18. 18. ly American Pomological Society There are, however, exceptions to most all rules, and instances can bepointed out where the sweet cherry has been known to do better upon theheavier, thanupon the lighter soils. The variety, Windsor, does especiallywellupon clay soil, but as to elevation there is no second choice, if youwould be successful with the sweet cherry. Planting the Orchard Most varieties of sweet cherries are strong, vigorous growers, andrequire more room than the sour kinds, and should be planted at least 30feet apart each way. The ground should be plowed deep and should bewell harrowed, and the planting be done as soon in the spring as this can bedone. All bruised portions of the roots should be cut off and a good averagedepth for setting the tree would be ten to twelve inches, " good judgmentbeing the rule." Pruning One of the most important points in starting a cherry orchard is thelow heading of the trees. To have the lower branches start eighteen totwenty-four inches from the ground, is none too low. The low headingprotects the trunk of the tree from sun scald, and the cracking of the bark,and this insures a longer life to the tree, and facilitates all of the work incaring for the tree, and picking the fruit. With the modern extensiontools, the cultivation can be given under the lower limbs of the low headedtrees, without inconveniences or serious injury to the tree. The low heading of the trees, however, cannot always be regulated,as many times, the trees are high headed beyond repair, when they comefrom the nursery, but when it is possible head them down, and force thegrowth out below. The pruning should always be done in the spring, justbefore, or about the time the sap begins to flow. With the strong vigorous growth of the sweet cherry, the pruningshould be rather severe the first four or five years, starting the tree withfrom four main branches, and heading in, at least one half or two- to fivethirds of the new growth each year, making the foundation of the mainbranches strong and stocky, forming a round headed tree, with plenty oflateral branches, rather than allow the tree to grow long with no lateralbranches, as is characteristic of this type. After the trees get well into bearing the growth will be much lighterand lirtle pruning will be necessary, except to keep dead or broken branchescut out, and thinning out to give sufficient light and air to the lower limbs.When it is necessary to cut off a wound should be covered large limb, thewith grafting wax, or paint to keep the wood from drying out, while natureis healing it over, otherwise the wood would decay to the heart, would neverheal over, and the tree would break down years before it otherwise wouldhave done.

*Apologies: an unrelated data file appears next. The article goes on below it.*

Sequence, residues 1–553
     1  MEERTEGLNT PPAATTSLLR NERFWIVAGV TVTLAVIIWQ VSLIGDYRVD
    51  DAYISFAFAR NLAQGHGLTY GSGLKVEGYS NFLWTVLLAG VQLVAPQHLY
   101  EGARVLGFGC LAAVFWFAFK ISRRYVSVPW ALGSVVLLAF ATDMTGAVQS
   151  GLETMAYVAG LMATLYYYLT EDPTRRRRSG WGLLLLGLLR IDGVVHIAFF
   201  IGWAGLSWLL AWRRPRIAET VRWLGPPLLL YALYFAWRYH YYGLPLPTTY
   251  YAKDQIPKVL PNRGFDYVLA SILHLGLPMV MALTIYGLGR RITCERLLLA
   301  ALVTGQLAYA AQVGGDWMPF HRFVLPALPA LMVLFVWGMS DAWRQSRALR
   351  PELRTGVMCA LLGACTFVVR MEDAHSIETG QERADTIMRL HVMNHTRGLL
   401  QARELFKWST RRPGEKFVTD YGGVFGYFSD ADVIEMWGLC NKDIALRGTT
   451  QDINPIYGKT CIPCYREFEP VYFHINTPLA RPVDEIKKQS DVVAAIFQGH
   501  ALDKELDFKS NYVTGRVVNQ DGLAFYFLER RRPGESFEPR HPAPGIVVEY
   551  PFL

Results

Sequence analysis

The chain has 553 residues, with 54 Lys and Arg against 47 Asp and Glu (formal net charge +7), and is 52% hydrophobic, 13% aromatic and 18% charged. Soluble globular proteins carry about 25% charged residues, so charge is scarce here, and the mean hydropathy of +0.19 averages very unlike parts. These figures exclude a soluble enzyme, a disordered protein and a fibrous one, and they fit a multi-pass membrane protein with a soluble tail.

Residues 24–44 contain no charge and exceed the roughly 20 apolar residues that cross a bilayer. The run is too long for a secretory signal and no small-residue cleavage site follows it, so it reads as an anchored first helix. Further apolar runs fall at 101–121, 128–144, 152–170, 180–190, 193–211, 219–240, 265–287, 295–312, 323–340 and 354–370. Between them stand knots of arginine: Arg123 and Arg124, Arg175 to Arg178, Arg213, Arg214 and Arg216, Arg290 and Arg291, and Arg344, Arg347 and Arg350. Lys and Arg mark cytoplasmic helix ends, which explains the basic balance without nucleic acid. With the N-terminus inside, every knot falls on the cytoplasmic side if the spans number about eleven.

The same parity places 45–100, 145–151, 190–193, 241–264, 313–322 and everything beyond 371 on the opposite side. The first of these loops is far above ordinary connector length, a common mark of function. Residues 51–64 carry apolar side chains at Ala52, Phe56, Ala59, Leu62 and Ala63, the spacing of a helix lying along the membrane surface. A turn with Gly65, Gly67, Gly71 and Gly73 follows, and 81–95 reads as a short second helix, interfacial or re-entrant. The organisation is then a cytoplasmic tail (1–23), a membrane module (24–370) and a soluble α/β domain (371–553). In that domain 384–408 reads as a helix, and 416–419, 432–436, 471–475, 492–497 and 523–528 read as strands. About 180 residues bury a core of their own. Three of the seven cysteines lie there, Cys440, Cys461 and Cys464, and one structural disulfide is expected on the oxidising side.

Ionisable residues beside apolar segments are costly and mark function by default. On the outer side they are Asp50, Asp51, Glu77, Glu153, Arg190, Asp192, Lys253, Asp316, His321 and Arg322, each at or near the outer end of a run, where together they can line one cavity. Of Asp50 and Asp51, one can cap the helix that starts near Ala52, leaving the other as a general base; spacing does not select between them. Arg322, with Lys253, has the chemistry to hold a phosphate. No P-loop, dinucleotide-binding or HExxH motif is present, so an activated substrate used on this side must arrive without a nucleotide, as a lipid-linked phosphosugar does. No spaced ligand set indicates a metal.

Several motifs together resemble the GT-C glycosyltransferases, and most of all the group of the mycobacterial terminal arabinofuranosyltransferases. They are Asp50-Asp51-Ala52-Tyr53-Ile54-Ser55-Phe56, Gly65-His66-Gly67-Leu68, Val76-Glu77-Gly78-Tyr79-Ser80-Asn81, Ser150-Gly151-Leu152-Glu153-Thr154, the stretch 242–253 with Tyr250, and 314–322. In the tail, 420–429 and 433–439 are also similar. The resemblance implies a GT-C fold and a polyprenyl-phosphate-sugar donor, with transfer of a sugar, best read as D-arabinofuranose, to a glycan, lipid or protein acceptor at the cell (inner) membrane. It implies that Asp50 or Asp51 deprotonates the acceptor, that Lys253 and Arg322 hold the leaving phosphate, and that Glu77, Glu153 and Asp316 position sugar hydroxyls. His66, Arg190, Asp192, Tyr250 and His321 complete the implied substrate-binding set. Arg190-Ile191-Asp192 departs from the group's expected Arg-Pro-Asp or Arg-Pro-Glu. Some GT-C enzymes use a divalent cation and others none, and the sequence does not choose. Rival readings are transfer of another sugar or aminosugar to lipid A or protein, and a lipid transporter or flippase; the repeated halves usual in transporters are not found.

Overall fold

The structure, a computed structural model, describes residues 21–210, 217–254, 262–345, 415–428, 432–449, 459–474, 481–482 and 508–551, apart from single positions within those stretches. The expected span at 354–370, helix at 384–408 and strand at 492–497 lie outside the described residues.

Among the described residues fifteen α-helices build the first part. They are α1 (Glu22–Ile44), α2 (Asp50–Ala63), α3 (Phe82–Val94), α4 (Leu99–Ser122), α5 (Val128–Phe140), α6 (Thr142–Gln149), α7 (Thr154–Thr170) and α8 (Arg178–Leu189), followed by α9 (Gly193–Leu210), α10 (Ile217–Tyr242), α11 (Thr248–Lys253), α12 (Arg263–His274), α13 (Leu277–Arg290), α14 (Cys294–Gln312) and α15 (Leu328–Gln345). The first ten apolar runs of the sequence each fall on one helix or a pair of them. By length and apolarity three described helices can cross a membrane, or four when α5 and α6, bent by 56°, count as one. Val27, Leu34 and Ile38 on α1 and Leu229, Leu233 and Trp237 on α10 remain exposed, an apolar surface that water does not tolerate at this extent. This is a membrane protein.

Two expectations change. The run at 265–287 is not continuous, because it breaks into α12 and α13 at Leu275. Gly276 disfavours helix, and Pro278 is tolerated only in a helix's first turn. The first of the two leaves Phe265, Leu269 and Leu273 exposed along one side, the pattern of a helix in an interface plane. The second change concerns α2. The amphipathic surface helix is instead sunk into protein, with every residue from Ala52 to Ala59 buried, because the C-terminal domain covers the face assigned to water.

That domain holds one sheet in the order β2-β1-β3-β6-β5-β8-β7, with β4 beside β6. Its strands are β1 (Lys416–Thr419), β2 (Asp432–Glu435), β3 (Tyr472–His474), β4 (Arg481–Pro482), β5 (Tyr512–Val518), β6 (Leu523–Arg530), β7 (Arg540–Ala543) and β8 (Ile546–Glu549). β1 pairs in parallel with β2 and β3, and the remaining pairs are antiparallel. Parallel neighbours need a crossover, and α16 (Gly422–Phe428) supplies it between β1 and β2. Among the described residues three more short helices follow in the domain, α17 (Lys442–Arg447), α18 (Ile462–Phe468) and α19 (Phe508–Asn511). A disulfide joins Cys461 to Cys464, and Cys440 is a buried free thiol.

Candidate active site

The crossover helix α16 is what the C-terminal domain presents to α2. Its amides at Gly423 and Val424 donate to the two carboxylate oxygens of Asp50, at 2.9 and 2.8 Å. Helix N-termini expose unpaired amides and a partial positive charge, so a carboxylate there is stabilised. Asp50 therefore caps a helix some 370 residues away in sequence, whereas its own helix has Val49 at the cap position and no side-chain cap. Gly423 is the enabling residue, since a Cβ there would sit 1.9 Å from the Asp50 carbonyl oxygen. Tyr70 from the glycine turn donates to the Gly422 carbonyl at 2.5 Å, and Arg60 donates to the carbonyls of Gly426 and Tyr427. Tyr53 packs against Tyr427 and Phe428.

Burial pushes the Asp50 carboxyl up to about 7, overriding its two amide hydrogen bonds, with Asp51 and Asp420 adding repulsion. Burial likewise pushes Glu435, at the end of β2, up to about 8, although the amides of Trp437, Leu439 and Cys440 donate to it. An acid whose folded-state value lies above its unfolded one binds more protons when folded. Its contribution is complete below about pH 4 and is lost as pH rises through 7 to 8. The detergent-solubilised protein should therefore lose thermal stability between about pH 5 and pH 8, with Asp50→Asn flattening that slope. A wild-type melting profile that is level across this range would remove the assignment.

19. 19. Special Report 19 Cultivation A cultivated crop, such as corn, potatoes or beans can do no harmbetween the trees during the first three or four years, or until the treescome into bearing, providing the fertility of the soil is kept up, sowing acover crop with the last cultivation, using oats, barley, clover, or what-ever in the judgment of the grower would seem advisable. Cultivation isconsidered superior to any form of mulching, except dust mulch, especiallyin a dry season. Shallow plowing in May and thorough harrowing everyweek or ten days, until middle of July or August ist is considered goodcultivation by our growers using Acme, springtooth, or spike tooth har- ;rows, or cutaway disc harrow. Care should be taken to stop cultivationsoon enough to give the wood ample time to ripen up for winter, the condi-tions of the weather regulating the time of stopping the cultivation to someextent. Cover Crops The sowing become a universal practice of a cover crop for winter hasby the best fruit growers. Crimson Clover is probably more largely usedthan any other kind of plant. Oats and barley are used in connection withthe clovers or alone. Mammoth clover has proved even superior to Crim-son, in some tests carried on at the South Haven Experiment Station, Michi-gan. Oats or barley are preferred, used with the clovers rather than eitherone alone. The oats and barley grow much taller in the fall and form aprotection to the clover, catch and hold the snow and thus serve to betteradvantage ; these die down during the winter, but the clover is there in thespring, and by the middle of May, has made a good growth and by plowingit under we add a large amount of plant food, and vegetable matter to thesoil. Other leguminous plants are used, such as cow-pea, soy bean, hairyvetch, or winter vetch and field peas. Experiments have proved the cow-pea to be practically worthless for cover crop purposes in Michigan, thetime being too short for satisfactory growth from Aug. ist to the last of Sep-tember, when the frosts come and after the first frost, there is nothing leftbut the stems. The hairy vetch has given excellent results, but forcover crop purposes, the seed comes so high as to make the use of itprohibitive. If the clovers are sown alone, eight quarts per acre is used, and if sow-ing the oats or barley separately, two bushels are usually used per acre, butif the oats or barley are used with the clover, one bushel of oats or barley tosix quarts of clover makes an excellent combination. If vetch is used, one bushel to the acre is none too heavy a seeding)as the seed is quite large.